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1

What is bayesian data analysis?

• Bayesian data analysis is when you use probability to represent uncertainty in all parts of a statistical model

2

Describe probability theory

• A random variable X is a variable that obtains different values, x, (observed value) in different realizations, each value with a defined probability
• (Conventionally, upper case letters denote random variables; the corresponding lower case letters denote their realizations.)

3

What are realisations in probability theory?

A realization, or observed value, of a random variable is the value that is actually observed (what actually happened).

4

What is independence in probability?

• Two random variables are independent if they don’t depend on each other
o One event can occur without affecting the probability of the other event occurring
o Two events are independent if the statistics of one event happening is the same no matter the outcome of the other
 E.g. the chances of rolling a 1 after flipping a head on a coin is still 1/6
Conditional probability will be the same as marginal probability for independent events

5

What is marginal probability?

P(X = x)
the likelihood of one event happening, independent of all other events
You can think of marginal probability as being the probability totals in the ‘margins’ of the probability tables

6

What is joint probability?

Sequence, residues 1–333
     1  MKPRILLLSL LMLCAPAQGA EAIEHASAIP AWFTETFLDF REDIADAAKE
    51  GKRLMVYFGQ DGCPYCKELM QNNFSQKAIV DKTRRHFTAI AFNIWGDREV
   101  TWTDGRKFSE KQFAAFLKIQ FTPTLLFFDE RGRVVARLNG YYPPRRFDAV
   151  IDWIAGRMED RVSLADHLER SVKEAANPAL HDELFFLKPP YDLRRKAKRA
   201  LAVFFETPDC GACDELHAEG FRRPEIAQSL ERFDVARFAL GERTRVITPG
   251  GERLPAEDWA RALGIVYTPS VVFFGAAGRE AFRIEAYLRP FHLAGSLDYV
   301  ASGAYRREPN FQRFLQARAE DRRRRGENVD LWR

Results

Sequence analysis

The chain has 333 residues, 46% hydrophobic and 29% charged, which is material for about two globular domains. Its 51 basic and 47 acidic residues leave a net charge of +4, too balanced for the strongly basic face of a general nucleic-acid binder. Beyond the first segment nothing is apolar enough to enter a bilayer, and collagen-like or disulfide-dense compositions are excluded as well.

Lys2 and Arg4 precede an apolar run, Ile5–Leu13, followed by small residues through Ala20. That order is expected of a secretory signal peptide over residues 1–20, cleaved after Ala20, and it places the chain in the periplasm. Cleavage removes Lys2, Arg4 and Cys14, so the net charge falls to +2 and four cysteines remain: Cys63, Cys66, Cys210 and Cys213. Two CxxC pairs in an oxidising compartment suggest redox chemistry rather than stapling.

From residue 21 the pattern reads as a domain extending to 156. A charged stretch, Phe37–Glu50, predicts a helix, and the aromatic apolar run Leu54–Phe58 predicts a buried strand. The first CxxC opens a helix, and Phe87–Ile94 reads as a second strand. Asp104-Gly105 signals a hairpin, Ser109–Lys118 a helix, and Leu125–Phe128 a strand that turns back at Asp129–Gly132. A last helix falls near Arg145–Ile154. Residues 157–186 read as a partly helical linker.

P(X = x ∧ Y = y)
The likelihood of two events occurring together
o The joint probability is the product of the marginal probabilities (i.e. multiply the marginal probabilities together), only if the 2 events are independent of each other
P(X = x ∧ Y = y) = P(X) x P(Y)

7

What is conditional probability?

P(X = x|Y = y) = P(X = x ∧ Y = y) / P(Y = y)
• The probability of an event ( Y ), given that another ( X ) has already occurred.
• If data are obtained from two (or more) random variables, the probabilities for one may depend on the value of the other(s)
• (in this case, these events are NOT independent)

8

What are discrete and continuous probabilities?

o Discrete: summing
 Splitting the data up into chunks, e.g. there’s a .01 probability of an adult being over 120cm, .03 probability of it being 200-210 etc and dividing all the probabilities of heights into chunks so they all equate to 1
o Continuous: integration
 Keep splitting the chunks into smaller and smaller/more precise probabilities and you will eventually get a smooth curve instead of the chunks that you can then predict events off of
• The probability distributions will always equal to 100% (1), no matter how much we share or distribute it

9

What is probability density?

Probability density
• For continuous-valued random variables, denoted by x ∈ R, instead of specifying probabilities the distribution is described by the cumulative distribution function
o Or by its derivative, the probability density function

10

Describe Bayesian probability theory

• Bayesian probability theory:
o Probability is a quantification of the degree of confidence we have for something to be the case based on our current knowledge- including prior knowledge and the new data.